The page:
Destiny 2s secret XP scaling system was made partly because of the Loot Cave

An odd, old glitch that you probably never expected to hear about again helped pave the way to Destiny 2 (opens in new tab)’s now-defunct secret XP scaling system (opens in new tab). As Bungie developers explained in a podcast discussion (opens in new tab) published earlier this week, the ghost of the original Destiny’s infamous Loot Cave (opens in new tab) still haunts them all.

First, here’s a summation of what all went down from Destiny 2 project lead Mark Noseworthy: “After level 20, we were scaling up or scaling down XP earned based on specific activities that you played. Which makes sense for a bunch of design goals and reasons, that certain activities should be more rewarding than others. But unfortunately, the UI was not reflecting the way it was being scaled. And so it was misrepresenting what was happening. We turned off that scale on the weekend – but then we didn’t update the API, so it seemed like we didn’t fully turn it off, or there was something else going on behind the hood, and that’s getting sorted.”

Specifically, Bungie turned off the scale after a Reddit user took a bunch of measurements (opens in new tab) to finally nail down why their XP gains often felt out of whack. No hard feelings there; Noseworthy said he’s “glad that got surfaced,” and game director Luke Smith even added that they “should talk to that individual about employment opportunities.” But why did Bungie implement that sneaky little system in the first place?

Bungie crafts your Destiny play experience in many more ways than players may realize. The Leviathan Raid, for instance, has “streak protection” to make sure you don’t miss out on receiving a certain reward too many times in a row: “These systems are also in place to say, ‘You don’t need to feel compelled to grind Public Events forever because they’re paying out more rewards. Crucible’s cool too, you should go over there because it’s also gonna pay out,” marketing director Erik Osborne explained.

Avoiding another cave-in

All of these systems are carefully set to ensure players never feel obligated to, say, group up and fire into a cave for hours at a time to receive the most rewards possible. 

“The design’s job is not to make a bunch of systems that can’t be exploited or never fail – it’s to make something’s that’s balanced”

“The loot cave from Destiny 1 is an interesting example, and I think it has remained in our psyche since it happened,” Noseworthy began. “It honestly, I think, wasn’t that bad from an economy standpoint. It was not the best way to get Legendaries in the game, or Exotics. If you went and played other activities they would actually pay out better on a reward-per-minute basis.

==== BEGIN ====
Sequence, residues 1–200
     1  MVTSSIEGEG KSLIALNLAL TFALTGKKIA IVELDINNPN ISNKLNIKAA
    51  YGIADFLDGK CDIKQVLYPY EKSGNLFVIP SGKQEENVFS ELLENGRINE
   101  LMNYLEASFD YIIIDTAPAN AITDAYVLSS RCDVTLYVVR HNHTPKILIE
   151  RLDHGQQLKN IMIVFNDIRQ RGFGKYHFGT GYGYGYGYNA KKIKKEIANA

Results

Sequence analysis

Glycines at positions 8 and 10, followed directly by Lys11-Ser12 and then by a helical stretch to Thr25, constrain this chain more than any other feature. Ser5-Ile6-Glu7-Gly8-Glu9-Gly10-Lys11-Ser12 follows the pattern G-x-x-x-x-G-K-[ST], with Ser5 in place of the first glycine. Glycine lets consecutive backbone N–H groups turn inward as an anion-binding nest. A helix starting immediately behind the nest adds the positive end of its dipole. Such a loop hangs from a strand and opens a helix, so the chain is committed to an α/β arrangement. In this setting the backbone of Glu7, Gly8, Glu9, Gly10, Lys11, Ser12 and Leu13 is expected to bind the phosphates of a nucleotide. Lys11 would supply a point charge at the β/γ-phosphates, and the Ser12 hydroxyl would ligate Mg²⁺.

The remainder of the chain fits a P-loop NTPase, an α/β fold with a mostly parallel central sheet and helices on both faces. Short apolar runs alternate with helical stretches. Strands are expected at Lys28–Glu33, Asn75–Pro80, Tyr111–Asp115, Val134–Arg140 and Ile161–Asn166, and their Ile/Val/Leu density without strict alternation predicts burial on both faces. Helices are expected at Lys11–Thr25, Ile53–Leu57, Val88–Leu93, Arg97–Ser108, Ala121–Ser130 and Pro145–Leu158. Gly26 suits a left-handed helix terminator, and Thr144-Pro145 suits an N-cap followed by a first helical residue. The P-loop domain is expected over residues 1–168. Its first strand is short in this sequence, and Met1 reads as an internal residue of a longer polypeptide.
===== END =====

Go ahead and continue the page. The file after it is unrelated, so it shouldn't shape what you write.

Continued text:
“But more damaging for us at the time – and this is what’s stayed with us – is the PR it generated, and the memes about Destiny. That this un-fun activity reinforced the narrative that Destiny 1 wasn’t generous enough, and you were better off firing into a cave than playing these other activities that actually are pretty fun to play. And that narrative was actually true at that point! Destiny wasn’t generous enough in a bunch of ways. But the broad meme is just that Destiny is a game that has RPG elements and it’s broken. That hurt, you know? And people worked really hard on the game to make a sweet economy and have cool rewards, and there was this exploit. And that sucks.

“That certainly has stayed with us. So if you’re building a new system, one of the first things someone is thinking about is, ‘Well, how’s it gonna be exploited? What if we don’t see this, or is there some way this is going to ruin the economy?’ And it’s just an element you have to consider. But in the same hand, the design’s job is not to make a bunch of systems that can’t be exploited or never fail – it’s to make something’s that’s balanced, that’s fun in the long run, that’s rewarding. And that means looking for things that might be exploits, but also overcorrecting for the other side, when you just get unlucky.”

Sometimes Bungie doesn’t get the math quite right. Rarely does it cross the line from quiet back-end user experience tweaks to actual, if unintentional, deception. The studio has committed to being more open with players, starting with a detailed explanation of Masterwork Weapons (opens in new tab) and more (non-expansion) content coming in the months ahead and rolling right into that refreshingly frank podcast. Hopefully Bungie will stick to this new approach, and the only rifts in the Destiny community will soon be the kind that Warlocks can summon to heal you. 

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